2015 started with some good news for Kenya’s renewable energy sector; M-Kopa, a system that has helped increase access to affordable solar energy across East Africa, won the 2015 Zayed Future Energy Prize. M-Kopa is a pay as you go system allowing users to access a solar power system that includes a panel, three lamps, radio and mobile phone charging kit at a minimal fee. Most Kenyans are able to pay for the whole system in 1 year.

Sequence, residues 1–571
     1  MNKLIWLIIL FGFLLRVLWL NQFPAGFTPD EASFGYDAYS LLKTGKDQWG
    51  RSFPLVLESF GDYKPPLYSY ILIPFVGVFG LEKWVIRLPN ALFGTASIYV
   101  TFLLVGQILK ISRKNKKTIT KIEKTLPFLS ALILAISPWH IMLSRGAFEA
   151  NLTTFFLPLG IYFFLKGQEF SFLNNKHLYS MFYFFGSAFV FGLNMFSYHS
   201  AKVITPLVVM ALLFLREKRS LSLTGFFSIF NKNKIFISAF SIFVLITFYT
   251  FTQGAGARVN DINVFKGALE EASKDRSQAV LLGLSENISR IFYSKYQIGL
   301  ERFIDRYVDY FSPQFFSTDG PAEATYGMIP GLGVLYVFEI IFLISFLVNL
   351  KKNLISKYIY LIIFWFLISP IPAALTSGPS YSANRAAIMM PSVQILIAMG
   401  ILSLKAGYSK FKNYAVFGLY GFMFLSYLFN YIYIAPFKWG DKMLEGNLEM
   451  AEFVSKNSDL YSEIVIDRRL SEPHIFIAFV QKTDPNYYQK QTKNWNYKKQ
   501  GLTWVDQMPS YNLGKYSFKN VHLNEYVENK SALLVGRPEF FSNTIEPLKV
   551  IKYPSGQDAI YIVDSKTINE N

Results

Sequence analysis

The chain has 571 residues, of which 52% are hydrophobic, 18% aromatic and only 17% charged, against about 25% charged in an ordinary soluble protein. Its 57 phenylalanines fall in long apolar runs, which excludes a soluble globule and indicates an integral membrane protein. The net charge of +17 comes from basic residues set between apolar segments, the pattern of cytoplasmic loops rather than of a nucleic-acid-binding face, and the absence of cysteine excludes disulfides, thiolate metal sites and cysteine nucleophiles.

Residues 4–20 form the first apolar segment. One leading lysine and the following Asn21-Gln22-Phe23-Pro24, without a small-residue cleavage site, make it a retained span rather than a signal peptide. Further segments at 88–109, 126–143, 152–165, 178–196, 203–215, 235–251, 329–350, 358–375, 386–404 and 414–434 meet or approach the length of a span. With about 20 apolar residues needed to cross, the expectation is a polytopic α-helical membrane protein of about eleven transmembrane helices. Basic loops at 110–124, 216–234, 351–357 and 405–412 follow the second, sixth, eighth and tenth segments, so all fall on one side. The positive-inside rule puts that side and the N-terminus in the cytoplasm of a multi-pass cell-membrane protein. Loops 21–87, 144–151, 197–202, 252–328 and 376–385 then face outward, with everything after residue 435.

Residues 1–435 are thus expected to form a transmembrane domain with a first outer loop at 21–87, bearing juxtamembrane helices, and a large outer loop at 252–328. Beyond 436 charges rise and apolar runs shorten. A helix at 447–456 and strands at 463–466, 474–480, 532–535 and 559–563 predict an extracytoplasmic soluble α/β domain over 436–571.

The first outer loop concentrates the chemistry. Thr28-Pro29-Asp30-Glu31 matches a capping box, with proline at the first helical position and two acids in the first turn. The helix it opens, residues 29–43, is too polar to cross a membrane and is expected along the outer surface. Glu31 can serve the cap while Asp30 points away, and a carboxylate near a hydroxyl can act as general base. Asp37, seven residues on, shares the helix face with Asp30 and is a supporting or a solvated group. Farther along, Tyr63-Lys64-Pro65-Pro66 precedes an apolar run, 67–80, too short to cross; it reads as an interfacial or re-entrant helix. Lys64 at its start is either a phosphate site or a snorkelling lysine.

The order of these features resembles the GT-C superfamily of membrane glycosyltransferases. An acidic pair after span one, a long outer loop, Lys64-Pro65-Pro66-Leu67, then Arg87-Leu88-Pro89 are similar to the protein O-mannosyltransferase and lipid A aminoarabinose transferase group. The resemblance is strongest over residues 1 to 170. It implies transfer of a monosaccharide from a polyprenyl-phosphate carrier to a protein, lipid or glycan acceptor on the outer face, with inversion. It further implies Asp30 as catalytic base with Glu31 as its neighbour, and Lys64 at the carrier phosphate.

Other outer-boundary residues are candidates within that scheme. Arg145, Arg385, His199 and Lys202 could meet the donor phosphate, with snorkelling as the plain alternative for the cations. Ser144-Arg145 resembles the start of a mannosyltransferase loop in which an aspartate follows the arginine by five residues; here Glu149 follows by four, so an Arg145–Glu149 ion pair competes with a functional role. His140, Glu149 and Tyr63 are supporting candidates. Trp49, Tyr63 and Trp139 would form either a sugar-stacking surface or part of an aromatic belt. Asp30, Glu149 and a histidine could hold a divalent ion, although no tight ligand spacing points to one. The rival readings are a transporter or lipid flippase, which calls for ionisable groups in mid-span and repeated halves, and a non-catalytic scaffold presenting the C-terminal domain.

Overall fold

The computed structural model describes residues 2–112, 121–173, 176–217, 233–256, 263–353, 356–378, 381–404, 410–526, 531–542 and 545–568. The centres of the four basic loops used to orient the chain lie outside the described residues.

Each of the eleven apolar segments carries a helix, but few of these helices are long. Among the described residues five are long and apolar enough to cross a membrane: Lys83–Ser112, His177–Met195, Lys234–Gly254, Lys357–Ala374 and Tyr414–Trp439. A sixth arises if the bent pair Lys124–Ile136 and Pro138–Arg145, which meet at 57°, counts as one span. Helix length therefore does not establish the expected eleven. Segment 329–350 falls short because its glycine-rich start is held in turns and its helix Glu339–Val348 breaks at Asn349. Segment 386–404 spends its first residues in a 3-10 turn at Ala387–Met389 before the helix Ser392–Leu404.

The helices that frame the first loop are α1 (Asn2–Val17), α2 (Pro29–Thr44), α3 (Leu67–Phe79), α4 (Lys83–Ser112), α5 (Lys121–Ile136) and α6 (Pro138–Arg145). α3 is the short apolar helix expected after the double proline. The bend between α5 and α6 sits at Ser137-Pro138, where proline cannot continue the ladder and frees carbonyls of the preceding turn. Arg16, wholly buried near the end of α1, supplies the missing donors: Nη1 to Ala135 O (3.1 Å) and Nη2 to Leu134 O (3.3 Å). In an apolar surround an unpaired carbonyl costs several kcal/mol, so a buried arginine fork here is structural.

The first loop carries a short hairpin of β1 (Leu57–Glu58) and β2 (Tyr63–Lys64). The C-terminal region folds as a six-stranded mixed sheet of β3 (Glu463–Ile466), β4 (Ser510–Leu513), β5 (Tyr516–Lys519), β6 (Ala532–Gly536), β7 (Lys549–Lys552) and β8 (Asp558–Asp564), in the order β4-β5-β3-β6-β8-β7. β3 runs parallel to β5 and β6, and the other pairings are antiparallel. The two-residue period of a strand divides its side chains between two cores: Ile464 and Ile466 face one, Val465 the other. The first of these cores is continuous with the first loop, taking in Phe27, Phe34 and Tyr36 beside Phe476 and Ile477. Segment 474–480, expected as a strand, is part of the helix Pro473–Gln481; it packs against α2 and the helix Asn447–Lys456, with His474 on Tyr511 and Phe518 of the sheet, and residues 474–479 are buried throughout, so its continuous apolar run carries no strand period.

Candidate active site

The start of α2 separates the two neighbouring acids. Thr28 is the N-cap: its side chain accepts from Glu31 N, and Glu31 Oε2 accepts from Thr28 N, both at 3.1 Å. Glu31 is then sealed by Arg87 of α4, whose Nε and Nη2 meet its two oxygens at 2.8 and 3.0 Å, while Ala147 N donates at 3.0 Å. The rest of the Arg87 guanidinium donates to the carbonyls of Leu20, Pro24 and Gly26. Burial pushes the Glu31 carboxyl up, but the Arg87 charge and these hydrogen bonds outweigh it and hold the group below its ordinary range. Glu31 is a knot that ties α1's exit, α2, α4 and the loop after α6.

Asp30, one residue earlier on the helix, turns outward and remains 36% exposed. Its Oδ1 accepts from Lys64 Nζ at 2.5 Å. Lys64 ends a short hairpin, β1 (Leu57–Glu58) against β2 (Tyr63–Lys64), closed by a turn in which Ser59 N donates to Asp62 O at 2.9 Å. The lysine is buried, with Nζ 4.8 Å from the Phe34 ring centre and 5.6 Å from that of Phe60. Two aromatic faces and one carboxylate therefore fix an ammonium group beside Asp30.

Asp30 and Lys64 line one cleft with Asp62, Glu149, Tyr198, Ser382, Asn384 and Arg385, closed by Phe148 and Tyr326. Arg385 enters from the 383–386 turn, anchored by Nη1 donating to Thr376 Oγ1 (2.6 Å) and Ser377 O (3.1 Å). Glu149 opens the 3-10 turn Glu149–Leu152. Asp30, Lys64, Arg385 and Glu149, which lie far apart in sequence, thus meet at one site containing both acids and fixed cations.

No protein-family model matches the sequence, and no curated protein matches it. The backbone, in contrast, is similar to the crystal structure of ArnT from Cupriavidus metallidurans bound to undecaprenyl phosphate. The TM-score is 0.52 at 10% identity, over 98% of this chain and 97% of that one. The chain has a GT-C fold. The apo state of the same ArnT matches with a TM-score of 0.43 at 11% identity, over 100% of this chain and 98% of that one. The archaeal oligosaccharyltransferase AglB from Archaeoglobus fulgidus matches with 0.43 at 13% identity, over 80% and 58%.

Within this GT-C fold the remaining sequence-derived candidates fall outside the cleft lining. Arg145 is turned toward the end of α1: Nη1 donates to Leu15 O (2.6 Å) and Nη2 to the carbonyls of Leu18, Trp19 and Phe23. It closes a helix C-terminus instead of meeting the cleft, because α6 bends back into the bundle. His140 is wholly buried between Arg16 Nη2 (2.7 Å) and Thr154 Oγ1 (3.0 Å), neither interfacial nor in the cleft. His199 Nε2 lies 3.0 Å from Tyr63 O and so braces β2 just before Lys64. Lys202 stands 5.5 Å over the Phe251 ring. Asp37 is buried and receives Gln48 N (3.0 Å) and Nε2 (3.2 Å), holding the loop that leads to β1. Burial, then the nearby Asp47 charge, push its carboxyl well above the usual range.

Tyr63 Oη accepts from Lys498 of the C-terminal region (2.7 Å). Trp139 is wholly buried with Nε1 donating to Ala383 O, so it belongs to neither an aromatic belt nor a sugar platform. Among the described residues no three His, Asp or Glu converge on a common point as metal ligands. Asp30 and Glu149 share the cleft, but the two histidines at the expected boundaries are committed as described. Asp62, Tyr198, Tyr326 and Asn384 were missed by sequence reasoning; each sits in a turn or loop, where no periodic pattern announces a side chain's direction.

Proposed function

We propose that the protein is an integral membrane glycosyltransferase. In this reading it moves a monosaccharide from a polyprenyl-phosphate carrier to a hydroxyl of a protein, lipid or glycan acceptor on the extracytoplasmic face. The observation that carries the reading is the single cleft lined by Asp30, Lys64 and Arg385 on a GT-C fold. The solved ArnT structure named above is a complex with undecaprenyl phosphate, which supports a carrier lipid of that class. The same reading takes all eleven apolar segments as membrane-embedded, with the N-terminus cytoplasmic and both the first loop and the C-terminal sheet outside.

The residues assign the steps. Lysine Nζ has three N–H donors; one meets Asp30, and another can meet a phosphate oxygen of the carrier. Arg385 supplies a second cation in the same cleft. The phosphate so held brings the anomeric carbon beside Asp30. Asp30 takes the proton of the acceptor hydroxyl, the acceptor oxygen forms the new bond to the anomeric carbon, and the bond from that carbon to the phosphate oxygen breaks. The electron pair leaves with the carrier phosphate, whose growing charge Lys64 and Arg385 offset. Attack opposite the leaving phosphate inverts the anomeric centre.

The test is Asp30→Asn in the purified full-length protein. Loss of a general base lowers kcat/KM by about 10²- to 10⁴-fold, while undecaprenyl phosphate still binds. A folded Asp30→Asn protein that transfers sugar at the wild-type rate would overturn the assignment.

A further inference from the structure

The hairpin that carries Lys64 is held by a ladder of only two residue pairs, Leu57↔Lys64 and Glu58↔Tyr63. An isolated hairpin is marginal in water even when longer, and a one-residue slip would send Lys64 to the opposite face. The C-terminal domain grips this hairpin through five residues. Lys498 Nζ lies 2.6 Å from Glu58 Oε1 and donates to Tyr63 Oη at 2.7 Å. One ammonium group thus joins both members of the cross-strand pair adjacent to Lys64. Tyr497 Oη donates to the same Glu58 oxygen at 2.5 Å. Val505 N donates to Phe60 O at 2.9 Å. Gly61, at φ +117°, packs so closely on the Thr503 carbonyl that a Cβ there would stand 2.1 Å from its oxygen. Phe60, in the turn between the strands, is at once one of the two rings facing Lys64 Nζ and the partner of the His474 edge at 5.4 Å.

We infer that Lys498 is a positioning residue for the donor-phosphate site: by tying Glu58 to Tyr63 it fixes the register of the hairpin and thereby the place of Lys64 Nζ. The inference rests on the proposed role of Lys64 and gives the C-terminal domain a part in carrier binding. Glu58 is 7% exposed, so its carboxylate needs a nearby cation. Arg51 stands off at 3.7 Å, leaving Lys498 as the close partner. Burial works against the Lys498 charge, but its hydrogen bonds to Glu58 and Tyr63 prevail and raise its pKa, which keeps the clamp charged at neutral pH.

Geothermal power’s contribution to the national energy mix increased to 51% in early February 2015 following the commissioning of two new plants with a combined capacity of 280 MW, Olkaria 1 and Olkaria 4 in the Rift Valley. Geothermal power is a renewable source of energy that is generated from natural steam from the earth from as far as 3 kilometeres underground and, unlike hydro, its output is not affected by the vagaries of the weather. Supported by the World Bank, Olkaria 1 is one of the largest single geothermal investment projects in the world. Other partners in the Olkaria project include the Japan International Cooperation Agency, the European Investment Bank, Agence Française de Développement and Germany’s KFW. Kenya aspires to produce at least 1900 MW of geothermal energy by 2017 and 5,000 MW by 2030, presenting great investment opportunities.